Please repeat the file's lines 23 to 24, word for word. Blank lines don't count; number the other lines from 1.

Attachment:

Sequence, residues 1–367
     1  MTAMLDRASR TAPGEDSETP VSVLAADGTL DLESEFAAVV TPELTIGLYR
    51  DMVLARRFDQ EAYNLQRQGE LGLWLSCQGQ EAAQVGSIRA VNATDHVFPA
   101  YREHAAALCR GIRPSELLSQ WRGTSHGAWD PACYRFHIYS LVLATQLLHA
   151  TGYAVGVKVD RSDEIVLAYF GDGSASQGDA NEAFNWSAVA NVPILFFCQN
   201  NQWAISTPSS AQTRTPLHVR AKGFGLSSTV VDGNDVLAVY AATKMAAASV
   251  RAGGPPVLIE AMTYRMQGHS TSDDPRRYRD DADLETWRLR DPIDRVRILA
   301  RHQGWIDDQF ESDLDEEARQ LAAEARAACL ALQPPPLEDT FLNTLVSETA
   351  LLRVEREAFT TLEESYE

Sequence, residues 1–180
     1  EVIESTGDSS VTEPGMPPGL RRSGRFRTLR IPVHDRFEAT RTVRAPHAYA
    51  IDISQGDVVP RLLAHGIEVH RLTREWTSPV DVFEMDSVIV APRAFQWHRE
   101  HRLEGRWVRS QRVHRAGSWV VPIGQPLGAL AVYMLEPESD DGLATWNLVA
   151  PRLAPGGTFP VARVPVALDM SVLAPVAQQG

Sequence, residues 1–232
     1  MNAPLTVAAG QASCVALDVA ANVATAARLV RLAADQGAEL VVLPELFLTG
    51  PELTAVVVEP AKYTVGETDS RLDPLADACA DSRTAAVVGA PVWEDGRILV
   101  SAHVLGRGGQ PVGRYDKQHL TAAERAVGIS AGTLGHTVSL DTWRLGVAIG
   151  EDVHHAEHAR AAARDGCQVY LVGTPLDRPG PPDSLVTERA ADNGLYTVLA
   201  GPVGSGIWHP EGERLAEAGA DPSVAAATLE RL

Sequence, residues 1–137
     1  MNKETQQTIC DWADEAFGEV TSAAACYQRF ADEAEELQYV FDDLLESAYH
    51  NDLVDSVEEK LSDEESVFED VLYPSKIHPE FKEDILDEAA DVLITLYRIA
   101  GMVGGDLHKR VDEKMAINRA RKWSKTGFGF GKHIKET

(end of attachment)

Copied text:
    51  NDLVDSVEEK LSDEESVFED VLYPSKIHPE FKEDILDEAA DVLITLYRIA
   101  GMVGGDLHKR VDEKMAINRA RKWSKTGFGF GKHIKET